Building network automation solutions

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Automation Example: Drain a Circuit

One of the attendees of our Building Network Automation Solutions online course asked an interesting question in the course Slack team:

Has anyone wrote a playbook for putting a circuit into maintenance mode — i.e. adjusting metrics to drain traffic away from a circuit that is going to be taken down for maintenance?

As always, you have to figure out what you want to do before you can start automating stuff.

Notes:

  • We’re talking about controlled gradual drain, not abrupt disruption;
  • It’s circuit drain, not node drain. The latter is easy to solve with a simple configuration change in most IS-IS and OSPF implementations;
  • You might not have this challenge if you’re using BGP as your routing protocol, and use boxes supporting BGP shutdown community (or have an interestingly complex BGP configuration).

If you’re using OSPF or IS-IS as the routing protocol, then you have to tweak metrics on both ends of the link (so you have to know both devices and corresponding interfaces), if you use BGP then you can apply inbound and outbound route-maps, so you only need to know one end of the link (device/interface).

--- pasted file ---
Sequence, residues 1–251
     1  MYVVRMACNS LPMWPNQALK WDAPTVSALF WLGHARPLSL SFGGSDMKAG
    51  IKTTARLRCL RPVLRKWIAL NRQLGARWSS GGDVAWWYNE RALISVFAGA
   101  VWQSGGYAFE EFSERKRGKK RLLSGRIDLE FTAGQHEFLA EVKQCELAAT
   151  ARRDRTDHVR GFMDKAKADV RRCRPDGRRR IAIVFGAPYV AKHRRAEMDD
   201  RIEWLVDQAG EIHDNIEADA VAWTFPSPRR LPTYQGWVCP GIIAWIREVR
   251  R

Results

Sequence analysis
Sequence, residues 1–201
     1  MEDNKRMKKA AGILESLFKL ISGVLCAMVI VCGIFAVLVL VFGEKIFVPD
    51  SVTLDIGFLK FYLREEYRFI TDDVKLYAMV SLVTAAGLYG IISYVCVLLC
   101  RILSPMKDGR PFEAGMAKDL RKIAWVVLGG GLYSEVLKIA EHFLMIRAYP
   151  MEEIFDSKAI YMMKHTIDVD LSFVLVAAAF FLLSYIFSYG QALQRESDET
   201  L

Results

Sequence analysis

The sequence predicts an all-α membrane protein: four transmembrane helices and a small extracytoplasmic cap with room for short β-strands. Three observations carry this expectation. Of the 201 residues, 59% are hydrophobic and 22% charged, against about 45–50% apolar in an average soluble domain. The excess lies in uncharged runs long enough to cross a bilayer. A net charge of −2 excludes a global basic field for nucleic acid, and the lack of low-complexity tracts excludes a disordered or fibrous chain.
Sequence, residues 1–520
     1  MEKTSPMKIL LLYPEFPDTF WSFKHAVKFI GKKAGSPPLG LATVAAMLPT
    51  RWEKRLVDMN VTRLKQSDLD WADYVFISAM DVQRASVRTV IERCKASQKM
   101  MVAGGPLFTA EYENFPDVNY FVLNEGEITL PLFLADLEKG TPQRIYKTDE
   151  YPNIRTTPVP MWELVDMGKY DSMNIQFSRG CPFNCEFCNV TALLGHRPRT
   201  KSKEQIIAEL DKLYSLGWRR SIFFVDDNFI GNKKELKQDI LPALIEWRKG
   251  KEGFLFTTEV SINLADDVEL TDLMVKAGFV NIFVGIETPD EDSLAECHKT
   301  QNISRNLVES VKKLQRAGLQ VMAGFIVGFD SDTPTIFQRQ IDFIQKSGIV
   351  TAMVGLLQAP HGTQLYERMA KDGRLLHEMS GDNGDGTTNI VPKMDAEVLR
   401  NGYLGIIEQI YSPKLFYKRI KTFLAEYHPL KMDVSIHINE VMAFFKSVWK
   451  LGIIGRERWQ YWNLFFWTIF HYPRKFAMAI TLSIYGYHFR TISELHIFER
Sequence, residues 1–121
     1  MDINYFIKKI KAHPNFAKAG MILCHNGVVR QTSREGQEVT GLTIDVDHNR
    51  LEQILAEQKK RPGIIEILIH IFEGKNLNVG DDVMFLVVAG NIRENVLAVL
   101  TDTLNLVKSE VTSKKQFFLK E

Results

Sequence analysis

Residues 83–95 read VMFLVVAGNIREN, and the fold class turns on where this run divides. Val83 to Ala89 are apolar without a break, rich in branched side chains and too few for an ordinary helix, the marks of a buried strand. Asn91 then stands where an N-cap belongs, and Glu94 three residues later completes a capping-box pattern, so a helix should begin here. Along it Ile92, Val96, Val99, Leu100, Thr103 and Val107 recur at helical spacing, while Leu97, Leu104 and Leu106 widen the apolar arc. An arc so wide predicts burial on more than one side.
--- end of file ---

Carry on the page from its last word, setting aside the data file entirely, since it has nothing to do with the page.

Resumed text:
In the ideal case, you’d have a nodes+links source-of-truth describing your network (sample solution), or something equivalent in a network-centric IPAM like NetBox. After having that information, it’s trivial to say “bring this circuit into maintenance mode” - extract nodes and interfaces from the circuit description, and apply configuration commands.

Meanwhile on Planet Enterprise: there is no source of truth, and nobody has a clue how to build one.

You could reverse-engineer the network topology using LLDP using LLDP and build your source-of-truth from LLDP information, or import whatever Excel data you have into a reasonable data model or anything else along those lines. The information gathered with LLDP is probably highly reliable (assuming your naming conventions are consistent, and you run LLDP on all interfaces), anything else should be validated before being trusted.

I also wrote a sample playbook that creates a data model based on interface description in case you think you can trust that information (because we’re so diligently updating those descriptions every time someone moves a cable due to a faulty transceiver, right?)

Worst case, assuming you’re running OSPF or IS-IS, use show neighbors command to get router IDs on all links, figure out the local router ID, and match the two. If you decide to go down this path, I’d split the workflow into two stages:

  • Identify all links that might lead from R1 to R2;
  • Have the operator select one of those and put it into maintenance mode.

After all, you don’t want to put all parallel links between two nodes into the maintenance mode at the same time, right? ;))

Want to learn how to get this done? If you insist on using Ansible (custom Python code might be better in this particular case), check out our Ansible for Networking Engineers webinar, but if you need a bigger picture (like the mental framework I used to write this blog post), our Building Network Automation Solutions course might be exactly what you’re looking for.

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